A veteran of the stage, TV and film, Atterbury was one of the most respected character actors in Hollywood from the early 1950s through the 80s. His height and gaunt features made him a natural for We...
Troubled by unfortunate event after unfortunate event The Watch sidesteps faux pas to come out on top as a consistently funny sci-fi comedy that doesn't let its high concept tangle up a bevy of one-liners. The script penned by Jared Stern Seth Rogen and Evan Goldberg assumes you've seen a few movies before entering the theater (mainly any sci-fi movie made in the 1980s). "Summer movie logic" is the foundation for The Watch's ridiculous plot which finds four adult nincompoops teaming up to form a Neighborhood Watch trying to solve the murder of a local Costco employee and eventually pursuing a killer extraterrestrial. Instead of making sense of it all The Watch wisely focuses on its four leads: Ben Stiller Vince Vaughn Jonah Hill and The IT Crowd's Richard Ayoade — a quartet whose bro banter goes a long way in spicing up the dust-covered material. There's nothing revelatory to be found in The Watch but the cast's knack for improv a poetry of the profane makes the adventure worth…viewing.
Director Akiva Schaffer (Hot Rod) establishes his two-dimensional characters quickly and bluntly smashing together broad personality types like a Hadron Collider of cinematic comedy. Stiller's Evan is a micromanaging do-gooder who can't find time for his wife; Hill's Franklin is a mildly disturbed weapons enthusiast yearning to join the police; Ayoade is the quaint weirdo who joins the Watch to fill the void left by his divorce; Vince Vaughn is Vince Vaughn: a loud crass gent looking for a bit of male bonding. The ragtag team assembles to fight crime but they spend most of their time drinking beers in a minivan — an affair they dub "stakeouts." A perfect opportunity for banter.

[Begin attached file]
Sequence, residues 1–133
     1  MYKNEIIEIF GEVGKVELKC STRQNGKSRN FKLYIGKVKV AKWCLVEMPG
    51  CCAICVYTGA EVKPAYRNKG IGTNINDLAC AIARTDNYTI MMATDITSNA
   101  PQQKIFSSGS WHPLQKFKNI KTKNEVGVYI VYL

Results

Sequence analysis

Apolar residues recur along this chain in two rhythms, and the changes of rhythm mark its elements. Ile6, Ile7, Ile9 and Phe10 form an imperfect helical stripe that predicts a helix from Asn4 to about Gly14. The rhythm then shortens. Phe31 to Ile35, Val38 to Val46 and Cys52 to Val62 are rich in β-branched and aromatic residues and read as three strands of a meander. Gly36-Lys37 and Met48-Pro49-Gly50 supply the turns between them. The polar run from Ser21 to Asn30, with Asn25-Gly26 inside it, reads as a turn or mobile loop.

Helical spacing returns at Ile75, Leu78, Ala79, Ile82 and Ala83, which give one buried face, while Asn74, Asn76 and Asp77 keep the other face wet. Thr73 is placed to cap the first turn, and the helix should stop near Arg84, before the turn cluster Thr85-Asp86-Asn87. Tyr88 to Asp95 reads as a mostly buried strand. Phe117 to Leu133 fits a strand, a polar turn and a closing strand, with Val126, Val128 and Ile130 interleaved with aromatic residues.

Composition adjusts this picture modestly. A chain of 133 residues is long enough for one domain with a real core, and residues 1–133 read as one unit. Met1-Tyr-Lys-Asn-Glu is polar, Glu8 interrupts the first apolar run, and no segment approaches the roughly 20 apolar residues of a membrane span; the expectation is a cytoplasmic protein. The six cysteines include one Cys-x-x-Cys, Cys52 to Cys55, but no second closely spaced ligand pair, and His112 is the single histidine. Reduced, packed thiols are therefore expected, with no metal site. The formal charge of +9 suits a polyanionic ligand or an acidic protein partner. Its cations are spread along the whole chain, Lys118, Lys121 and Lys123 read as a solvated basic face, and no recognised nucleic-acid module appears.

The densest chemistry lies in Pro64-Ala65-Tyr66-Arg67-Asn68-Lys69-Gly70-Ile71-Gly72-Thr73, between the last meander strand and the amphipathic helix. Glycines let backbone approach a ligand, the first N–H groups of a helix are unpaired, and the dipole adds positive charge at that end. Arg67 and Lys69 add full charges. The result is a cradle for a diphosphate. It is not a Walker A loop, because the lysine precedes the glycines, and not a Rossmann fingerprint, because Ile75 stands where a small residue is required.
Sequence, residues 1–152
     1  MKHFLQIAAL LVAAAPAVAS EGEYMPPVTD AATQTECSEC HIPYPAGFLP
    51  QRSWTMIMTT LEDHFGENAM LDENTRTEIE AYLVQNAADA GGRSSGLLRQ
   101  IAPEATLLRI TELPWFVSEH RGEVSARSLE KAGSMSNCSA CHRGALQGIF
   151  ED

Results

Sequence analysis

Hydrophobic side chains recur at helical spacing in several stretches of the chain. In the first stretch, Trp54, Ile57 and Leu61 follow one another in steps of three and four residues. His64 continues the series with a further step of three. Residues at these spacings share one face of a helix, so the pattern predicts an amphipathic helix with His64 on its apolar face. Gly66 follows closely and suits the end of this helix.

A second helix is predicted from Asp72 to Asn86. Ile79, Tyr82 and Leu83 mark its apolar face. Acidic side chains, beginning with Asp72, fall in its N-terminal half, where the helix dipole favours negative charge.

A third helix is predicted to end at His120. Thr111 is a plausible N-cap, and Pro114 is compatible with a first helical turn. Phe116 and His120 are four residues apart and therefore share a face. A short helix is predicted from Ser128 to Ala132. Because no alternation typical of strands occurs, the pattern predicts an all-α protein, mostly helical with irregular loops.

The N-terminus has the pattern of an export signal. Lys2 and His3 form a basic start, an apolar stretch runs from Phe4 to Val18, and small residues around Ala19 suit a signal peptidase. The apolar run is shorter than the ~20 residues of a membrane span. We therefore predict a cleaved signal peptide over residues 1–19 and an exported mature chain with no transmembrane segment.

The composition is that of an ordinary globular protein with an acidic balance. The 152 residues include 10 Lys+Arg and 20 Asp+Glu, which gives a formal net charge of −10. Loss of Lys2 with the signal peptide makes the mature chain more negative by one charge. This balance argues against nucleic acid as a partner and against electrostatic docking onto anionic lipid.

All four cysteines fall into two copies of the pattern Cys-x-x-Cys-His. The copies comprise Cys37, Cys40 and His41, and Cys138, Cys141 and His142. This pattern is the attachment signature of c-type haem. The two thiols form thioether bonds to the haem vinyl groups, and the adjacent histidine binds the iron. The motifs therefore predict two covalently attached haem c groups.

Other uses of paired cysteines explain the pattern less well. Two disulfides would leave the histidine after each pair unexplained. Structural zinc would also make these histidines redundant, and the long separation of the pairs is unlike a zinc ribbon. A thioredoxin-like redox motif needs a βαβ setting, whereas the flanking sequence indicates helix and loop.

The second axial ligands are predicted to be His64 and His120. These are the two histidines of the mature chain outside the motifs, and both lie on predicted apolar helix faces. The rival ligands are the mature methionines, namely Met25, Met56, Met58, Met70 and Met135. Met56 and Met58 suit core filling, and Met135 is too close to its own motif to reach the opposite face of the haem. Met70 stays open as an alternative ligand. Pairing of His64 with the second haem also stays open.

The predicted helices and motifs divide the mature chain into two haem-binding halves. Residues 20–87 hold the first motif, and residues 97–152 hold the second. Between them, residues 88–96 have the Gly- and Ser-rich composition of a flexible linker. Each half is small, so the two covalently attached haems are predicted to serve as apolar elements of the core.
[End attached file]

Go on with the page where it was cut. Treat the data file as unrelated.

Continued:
For a movie about enforcing the law and alien invasions there's a surprising lack of action in The Watch. Long stretches of the film see the central players yapping back and forth about everything: Russian nesting dolls peeing in cans or the similar viscosities of alien goo and human excrement. Charisma goes a long way and Vaughn does much of the heavy lifting making up for lost time out of the spotlight (he's been virtually nonexistent since 2005's Wedding Crashers). The man spits out jokes like no other — the rest of the cast barely keeps up. Ayoade balances out Vaughn's bombardment with a tempered timed delivery that's uniquely British and rarely found on the American big screen. Even when nothing's happening in The Watch it's rarely boring.
The Watch is at its best when it goes a step further mixing the group in with outsiders and throwing them off their rhythm. Billy Crudup cuts loose as a creepy neighbor and its delightfully weird while the always-impressive Rosemarie DeWitt as Evan's wife Abby brings unexpected warmth to the couple's relationship. Sadly The Watch mishandles its greatest asset: the aliens. The film never finds a pitch perfect blend of comedy and science fiction (Ghostbusters or Galaxy Quest this is not); a few scenes where the two come together hint at the best possible scenario but more often than not The Watch avoids its sci-fi roots. A moment in which the guys haul a dead alien back to their man cave plays like an E.T.-inspired version of The Hangover credits. It's lewd and ridiculous but the rest of the film struggles to maintain that energy.